New tools from AGCO can as much as double your planting speed for better yields. By Des Keller
The AGCO Crop Tour in 2017 has shown that with the proper equipment and seed bed preparation, planting can be conducted at higher speeds than the norm with excellent results.
The results were impressive. “The plot data showed that the White Planters 9800VE Series planters were able to achieve the same excellent singulation of 99%-plus along with 99%-plus spacing accuracy operating at 10 mph as they did at 5 mph,” says Joe Whorton, AGCO tactical marketing manager, seeding and tillage.
The implications of this are clear. “If you can plant 40% to 60% more acres during your optimum window, that is a good thing,” says Larry Kuster, AGCO senior product marketing specialist. “This is more corn planted when the opportunity is there so you are not suffering from weather delays.”
Like last year, this year’s Crop Tour used best practices as well as some intentionally poor ones to illustrate the importance of seed planting depth, seed spacing and singulation, and down force. New this year, though, was adding Precision Planting’s SpeedTube™ seed tubes to the White 9800VE planters and running side-by-side planting-speed tests.
SpeedTube is the seed delivery unit on each row that uses a ‘flighted’ belt driven by its own electric motor that matches the ground speed of the planter. Each seed is captured by two rotating and pliable ‘fingers’ on the conveyor that create a seed chamber that deposits the seed accurately, regardless of planter speed.
Without this system, higher speeds can cause the seeds to bounce around in the seed tube and ricochet into the trench, leading to uneven seed placement. The 2017 test plots were planted at speeds varying from 5 mph to 10 mph using SpeedTube-equipped White 9800VE Series planters.
Seed Bed Preparation
Running a planter at speeds 50% to 100% faster means that other parts of the operation have to be able to keep up. For example, “The 20/20 SeedSense monitor evaluates the ride of every row unit on the planter,” says Kuster. “That lets you know whether the placement and accuracy is what it needs to be,” even at higher speeds.
Tillage tools also must be able to prepare an excellent seed bed fast enough in the spring, Kuster says. Many of the 2017 AGCO Crop Tour plot seed beds were prepped with a Sunflower 6830 rotary finisher to ensure level beds.
The challenge there, according to Kuster, is having an implement like the 6830 running at 10 mph ahead of the planter unit. The faster a tool is pulled in contact with the ground, the more tendency there is for ineffectiveness, but even at 10 mph “the SF6830 stays where it needs to.”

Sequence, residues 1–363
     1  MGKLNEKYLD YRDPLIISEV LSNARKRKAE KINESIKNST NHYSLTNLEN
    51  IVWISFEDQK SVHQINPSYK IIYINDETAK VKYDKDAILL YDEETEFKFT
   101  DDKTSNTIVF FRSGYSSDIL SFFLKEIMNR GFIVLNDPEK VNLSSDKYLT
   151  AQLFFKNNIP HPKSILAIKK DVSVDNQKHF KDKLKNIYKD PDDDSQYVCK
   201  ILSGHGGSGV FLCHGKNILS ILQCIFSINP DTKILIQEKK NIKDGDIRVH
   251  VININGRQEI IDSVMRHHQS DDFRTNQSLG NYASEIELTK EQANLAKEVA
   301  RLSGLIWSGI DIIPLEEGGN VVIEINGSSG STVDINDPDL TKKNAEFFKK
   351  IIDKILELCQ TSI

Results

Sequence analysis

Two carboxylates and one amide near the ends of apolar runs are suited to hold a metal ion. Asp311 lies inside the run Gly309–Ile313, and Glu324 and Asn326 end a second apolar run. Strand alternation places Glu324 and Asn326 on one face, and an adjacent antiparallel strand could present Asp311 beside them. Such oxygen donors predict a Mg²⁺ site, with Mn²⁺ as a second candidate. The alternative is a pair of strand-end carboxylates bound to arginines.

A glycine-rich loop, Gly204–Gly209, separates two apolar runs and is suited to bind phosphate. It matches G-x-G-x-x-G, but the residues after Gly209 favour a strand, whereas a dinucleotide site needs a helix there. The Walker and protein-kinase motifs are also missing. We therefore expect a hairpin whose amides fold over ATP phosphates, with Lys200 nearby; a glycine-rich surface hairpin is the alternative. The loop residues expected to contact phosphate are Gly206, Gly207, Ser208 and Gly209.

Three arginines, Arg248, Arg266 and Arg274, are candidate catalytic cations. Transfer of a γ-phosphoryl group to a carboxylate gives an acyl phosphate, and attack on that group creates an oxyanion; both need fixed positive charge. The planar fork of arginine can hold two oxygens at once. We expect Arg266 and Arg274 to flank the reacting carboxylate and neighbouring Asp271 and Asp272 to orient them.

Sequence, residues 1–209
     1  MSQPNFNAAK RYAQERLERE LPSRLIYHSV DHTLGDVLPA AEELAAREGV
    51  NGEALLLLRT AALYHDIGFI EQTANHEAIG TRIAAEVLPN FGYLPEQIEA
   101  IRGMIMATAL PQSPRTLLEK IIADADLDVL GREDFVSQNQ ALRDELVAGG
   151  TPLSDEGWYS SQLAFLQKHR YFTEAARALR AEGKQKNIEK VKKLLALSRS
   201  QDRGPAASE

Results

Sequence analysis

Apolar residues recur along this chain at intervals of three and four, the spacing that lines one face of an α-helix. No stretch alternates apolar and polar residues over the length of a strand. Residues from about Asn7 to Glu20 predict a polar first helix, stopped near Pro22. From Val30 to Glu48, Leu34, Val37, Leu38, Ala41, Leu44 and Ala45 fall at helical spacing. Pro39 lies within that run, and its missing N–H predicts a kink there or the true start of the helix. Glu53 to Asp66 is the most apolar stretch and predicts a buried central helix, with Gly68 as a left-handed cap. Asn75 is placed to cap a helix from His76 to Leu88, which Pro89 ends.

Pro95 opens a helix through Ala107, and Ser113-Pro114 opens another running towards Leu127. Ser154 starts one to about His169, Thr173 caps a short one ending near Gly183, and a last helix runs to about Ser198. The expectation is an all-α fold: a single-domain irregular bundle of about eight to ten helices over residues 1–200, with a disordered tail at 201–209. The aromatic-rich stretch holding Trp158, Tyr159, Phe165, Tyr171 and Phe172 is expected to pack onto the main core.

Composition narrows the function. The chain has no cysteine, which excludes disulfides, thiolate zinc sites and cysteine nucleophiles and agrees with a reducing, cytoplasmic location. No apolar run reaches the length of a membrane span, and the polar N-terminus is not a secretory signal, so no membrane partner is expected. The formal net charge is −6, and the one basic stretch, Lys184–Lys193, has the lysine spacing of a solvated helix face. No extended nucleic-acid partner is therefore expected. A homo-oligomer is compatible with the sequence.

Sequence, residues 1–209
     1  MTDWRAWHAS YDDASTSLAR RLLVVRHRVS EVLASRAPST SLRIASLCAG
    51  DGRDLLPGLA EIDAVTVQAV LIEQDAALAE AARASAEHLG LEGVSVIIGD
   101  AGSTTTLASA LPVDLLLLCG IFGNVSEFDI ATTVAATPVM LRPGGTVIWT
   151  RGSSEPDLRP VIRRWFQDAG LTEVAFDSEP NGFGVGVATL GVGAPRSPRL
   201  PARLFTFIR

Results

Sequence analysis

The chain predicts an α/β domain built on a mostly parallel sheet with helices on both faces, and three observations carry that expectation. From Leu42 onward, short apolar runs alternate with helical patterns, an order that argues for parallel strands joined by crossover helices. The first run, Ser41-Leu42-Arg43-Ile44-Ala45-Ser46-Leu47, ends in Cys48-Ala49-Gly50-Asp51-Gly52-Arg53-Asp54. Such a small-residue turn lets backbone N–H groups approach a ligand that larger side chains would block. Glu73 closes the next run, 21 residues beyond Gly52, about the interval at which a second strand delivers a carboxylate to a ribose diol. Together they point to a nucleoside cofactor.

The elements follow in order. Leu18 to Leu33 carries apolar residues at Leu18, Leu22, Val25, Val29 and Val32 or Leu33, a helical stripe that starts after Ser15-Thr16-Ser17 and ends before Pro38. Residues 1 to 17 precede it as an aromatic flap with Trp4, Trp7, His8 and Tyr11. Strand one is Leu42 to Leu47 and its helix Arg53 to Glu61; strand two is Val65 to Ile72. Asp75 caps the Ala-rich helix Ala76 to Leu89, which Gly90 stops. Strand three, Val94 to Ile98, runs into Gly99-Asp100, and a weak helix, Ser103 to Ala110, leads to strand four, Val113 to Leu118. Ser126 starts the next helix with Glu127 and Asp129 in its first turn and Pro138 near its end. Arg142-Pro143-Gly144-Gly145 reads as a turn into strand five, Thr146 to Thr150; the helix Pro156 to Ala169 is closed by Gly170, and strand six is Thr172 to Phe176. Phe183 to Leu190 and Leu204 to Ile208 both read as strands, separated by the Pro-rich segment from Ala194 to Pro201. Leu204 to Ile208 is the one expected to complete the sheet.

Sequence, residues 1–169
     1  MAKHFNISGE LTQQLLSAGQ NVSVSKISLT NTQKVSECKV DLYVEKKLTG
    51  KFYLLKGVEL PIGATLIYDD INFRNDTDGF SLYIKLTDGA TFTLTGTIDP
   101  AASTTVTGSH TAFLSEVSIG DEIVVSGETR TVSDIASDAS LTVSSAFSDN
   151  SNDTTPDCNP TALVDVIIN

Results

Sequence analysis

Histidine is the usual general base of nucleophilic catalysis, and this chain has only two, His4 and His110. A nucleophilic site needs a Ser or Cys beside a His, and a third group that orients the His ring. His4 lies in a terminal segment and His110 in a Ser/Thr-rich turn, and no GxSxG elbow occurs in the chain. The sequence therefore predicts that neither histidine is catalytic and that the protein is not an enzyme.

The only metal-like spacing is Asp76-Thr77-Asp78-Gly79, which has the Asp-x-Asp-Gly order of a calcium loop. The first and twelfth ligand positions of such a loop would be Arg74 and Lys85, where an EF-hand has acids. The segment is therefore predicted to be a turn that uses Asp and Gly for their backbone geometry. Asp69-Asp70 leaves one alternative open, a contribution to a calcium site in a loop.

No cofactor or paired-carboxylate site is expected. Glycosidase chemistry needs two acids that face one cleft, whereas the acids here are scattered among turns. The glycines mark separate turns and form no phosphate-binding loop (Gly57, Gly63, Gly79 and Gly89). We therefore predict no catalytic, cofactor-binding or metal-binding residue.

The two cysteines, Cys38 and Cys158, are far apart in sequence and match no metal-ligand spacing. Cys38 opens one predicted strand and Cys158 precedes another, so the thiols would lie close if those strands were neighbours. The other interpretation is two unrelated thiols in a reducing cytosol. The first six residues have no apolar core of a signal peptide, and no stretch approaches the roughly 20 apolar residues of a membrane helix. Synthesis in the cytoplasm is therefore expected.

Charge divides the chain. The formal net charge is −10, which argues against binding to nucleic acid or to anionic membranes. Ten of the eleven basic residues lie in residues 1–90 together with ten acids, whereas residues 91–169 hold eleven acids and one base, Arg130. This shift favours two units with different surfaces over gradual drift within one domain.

Kuster also recommends that “if a vertical tillage tool is being used ahead of a planter, then it is best to run it in the same direction the planter will travel. Tools such as these do not leave a smooth, flat, seed bed profile, so it’s advised to run the planter in the same direction to not bounce the planter over the peaks and valleys remaining from the tillage pass.”
If the SF6830 rotary finisher is used prior to planting, the necessity to run in the same direction as the tillage tool is negated, he says. The 6830’s “spider tines eliminate the peaks and valleys created by the blades, sculpting the seed bed profile smooth.”
Precision Sea Change
Being able to plant with this new level of accuracy—at speeds up to double the typical—is really a sea change in the industry, according to Bryce Baker, OEM Account Lead, Precision Planting. “We’re showing that whether the planter is working at 5 mph or 10 mph we’re seeing the same results,” he says.
“Twenty to 25 years ago, singulation accuracy was probably between 90% and 95%,” says Baker, “and depth control was a guess.” Now those factors can be set and maintained at a 99%-plus rate, he says.
Among the tools on the White Planters 9800VE Series that make that possible are vSet® electric drive meters, DeltaForce® down force control, 20/20 SeedSense® monitoring, the Climate FieldView™ Cab mapping app, and, new this year, SpeedTube® seed tubes, all from Precision Planting.
“We’re not trying to eliminate the need for an operator to be skilled and knowledgeable about planting,” Baker says. “We’re trying to give them tools so that the decisions they make based on their conditions, about how their seeds should be planted, will be carried through until they change it.”
Overall, Whorton says, the AGCO Crop Tour is about finding and demonstrating the ways to make the most of each and every crop season.
“A farmer may get only 40 attempts at planting during his or her career,” he says, “and how many of those 40 have you already had, and how confident are you that you’ve done them accurately and what can you do with those left to maximize your investment?”
Photos: Marc Ward